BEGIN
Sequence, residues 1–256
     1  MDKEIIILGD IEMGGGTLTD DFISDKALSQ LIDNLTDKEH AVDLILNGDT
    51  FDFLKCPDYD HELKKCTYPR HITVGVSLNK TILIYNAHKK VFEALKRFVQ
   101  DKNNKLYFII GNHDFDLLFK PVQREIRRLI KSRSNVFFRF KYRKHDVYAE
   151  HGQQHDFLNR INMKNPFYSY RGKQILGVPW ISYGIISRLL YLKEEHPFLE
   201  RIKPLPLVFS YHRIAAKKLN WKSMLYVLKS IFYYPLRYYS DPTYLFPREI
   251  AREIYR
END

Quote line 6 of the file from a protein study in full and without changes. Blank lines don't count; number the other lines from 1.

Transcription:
   201  RIKPLPLVFS YHRIAAKKLN WKSMLYVLKS IFYYPLRYYS DPTYLFPREI